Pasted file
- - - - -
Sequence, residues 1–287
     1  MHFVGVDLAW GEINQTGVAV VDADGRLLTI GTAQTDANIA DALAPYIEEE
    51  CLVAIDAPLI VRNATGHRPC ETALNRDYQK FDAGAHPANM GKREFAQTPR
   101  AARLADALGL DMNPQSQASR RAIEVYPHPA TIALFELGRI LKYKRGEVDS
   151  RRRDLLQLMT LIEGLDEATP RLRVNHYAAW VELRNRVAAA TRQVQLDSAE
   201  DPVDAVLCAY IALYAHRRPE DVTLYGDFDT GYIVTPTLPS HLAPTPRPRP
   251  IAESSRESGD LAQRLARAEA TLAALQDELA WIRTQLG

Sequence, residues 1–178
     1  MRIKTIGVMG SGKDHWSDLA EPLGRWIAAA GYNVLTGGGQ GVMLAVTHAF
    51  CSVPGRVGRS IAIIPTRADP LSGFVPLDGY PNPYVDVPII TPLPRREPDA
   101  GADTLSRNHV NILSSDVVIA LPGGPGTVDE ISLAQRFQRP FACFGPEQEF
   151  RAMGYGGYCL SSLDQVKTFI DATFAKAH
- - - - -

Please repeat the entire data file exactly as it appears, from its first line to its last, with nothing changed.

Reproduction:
Sequence, residues 1–287
     1  MHFVGVDLAW GEINQTGVAV VDADGRLLTI GTAQTDANIA DALAPYIEEE
    51  CLVAIDAPLI VRNATGHRPC ETALNRDYQK FDAGAHPANM GKREFAQTPR
   101  AARLADALGL DMNPQSQASR RAIEVYPHPA TIALFELGRI LKYKRGEVDS
   151  RRRDLLQLMT LIEGLDEATP RLRVNHYAAW VELRNRVAAA TRQVQLDSAE
   201  DPVDAVLCAY IALYAHRRPE DVTLYGDFDT GYIVTPTLPS HLAPTPRPRP
   251  IAESSRESGD LAQRLARAEA TLAALQDELA WIRTQLG

Sequence, residues 1–178
     1  MRIKTIGVMG SGKDHWSDLA EPLGRWIAAA GYNVLTGGGQ GVMLAVTHAF
    51  CSVPGRVGRS IAIIPTRADP LSGFVPLDGY PNPYVDVPII TPLPRREPDA
   101  GADTLSRNHV NILSSDVVIA LPGGPGTVDE ISLAQRFQRP FACFGPEQEF
   151  RAMGYGGYCL SSLDQVKTFI DATFAKAH